1 Kgs 17:1-6
Ps 120:1-8. R. see v.2
Mt 5:1-12


Every time I read the Beatitudes, something different strikes me. Perhaps one blessing stands out more than another, or I notice a different translation between the Jerusalem and NRSV bibles. Today, I began to wonder to whom Jesus directed his teaching. Are the Beatitudes for the gentle, the pure of heart, the merciful and those in mourning? I think not, for these will already inherit the earth, see God, have mercy shown them and be comforted. While these words are both reassuring and loving, Jesus didn’t just speak about love – Jesus acted love, embodied love, for love is an action.

Throughout the Gospels, Jesus lived the Beatitudes. He criticised the parabolic Pharisee who stood all-powerful, exalting himself and his good works, and lauded the poor in spirit tax collector who dared not look up but stood at a distance (Luke 18:9-14). Rather than condemn the woman caught in adultery, he gently reminded her stoners that they were not without sin (John 8:1-11). When the Syrophoenician woman challenged Jesus to act justly, he felt mercy and healed her daughter (Mark 7:24-30). When his own body hung from a cross, he forgave his persecutors, embodying the kingdom of God (Luke 23:24).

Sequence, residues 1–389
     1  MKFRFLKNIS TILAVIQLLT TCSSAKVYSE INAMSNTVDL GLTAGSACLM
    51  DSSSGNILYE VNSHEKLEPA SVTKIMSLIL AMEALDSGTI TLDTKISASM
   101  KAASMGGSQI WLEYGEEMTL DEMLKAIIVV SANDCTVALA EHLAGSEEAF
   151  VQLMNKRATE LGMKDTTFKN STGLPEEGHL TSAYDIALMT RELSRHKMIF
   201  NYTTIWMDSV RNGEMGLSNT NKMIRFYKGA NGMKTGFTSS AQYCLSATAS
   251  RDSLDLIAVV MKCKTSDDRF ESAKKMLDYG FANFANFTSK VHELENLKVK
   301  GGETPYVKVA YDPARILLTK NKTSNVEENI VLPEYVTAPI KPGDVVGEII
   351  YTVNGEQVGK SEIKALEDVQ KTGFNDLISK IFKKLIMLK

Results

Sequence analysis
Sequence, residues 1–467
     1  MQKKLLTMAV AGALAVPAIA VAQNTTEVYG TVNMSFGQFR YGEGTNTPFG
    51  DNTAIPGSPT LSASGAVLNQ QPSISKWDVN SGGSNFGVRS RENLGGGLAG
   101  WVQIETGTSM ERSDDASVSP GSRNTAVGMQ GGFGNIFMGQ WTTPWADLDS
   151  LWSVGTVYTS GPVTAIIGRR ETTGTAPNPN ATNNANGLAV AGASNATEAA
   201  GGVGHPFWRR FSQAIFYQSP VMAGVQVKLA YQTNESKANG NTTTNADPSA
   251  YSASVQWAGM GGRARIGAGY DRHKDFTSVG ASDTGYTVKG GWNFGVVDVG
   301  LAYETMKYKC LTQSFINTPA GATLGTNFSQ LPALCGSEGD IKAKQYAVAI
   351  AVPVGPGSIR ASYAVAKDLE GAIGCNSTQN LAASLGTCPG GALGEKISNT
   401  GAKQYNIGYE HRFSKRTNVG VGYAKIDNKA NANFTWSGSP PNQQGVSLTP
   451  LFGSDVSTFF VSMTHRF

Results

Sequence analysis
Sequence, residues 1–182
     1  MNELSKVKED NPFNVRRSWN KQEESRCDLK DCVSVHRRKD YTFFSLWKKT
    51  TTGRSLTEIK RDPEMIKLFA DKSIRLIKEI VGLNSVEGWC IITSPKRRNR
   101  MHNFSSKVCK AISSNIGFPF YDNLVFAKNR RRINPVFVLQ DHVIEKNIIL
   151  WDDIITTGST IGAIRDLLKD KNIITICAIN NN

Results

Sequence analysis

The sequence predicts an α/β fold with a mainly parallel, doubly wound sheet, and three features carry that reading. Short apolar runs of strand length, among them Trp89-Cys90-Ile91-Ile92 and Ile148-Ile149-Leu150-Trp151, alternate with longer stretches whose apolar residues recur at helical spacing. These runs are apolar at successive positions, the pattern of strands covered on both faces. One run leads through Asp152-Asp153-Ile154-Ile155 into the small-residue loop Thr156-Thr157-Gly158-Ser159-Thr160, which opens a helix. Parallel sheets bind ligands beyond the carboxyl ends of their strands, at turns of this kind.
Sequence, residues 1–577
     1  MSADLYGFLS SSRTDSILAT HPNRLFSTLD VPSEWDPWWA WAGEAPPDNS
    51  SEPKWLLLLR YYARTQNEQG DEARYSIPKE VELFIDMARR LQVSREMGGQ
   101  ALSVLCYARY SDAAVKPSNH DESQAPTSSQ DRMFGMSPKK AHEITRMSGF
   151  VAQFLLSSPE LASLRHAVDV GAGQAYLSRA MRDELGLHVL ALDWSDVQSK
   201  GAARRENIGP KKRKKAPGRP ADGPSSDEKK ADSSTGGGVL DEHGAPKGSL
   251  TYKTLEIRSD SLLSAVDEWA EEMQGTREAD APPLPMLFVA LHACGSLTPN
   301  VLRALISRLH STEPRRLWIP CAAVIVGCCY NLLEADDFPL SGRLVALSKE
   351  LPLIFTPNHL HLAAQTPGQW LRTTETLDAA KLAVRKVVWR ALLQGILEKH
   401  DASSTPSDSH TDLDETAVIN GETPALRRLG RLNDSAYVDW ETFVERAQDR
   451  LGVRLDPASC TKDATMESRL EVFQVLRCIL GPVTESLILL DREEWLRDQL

The Beatitudes still have profound consequences. Jesus does not simply console the persecuted but challenges the powerful and privileged to humble themselves and become poor in spirit. Rather than merely commending peacemakers, he inspires aggressors to be gentle. More than satisfying those who hunger and thirst after justice, he encourages the influential to transform their hearts and show mercy. Jesus is not encouraging us to seek out sorrow, abuse or persecution (least of all to blindly accept these conditions in his name). Rather, the Beatitudes challenge us to a change of heart. To encounter grief without despair, to meet persecution without apathy or violence, to show and accept mercy and, most importantly, to recognise our deep yearning for God and God’s grace.

Angela Marquis works for the Hobart Passionists at St Joseph’s in Tasmania, with WATAC (Women and the Australian Church), and as a primary school chaplain.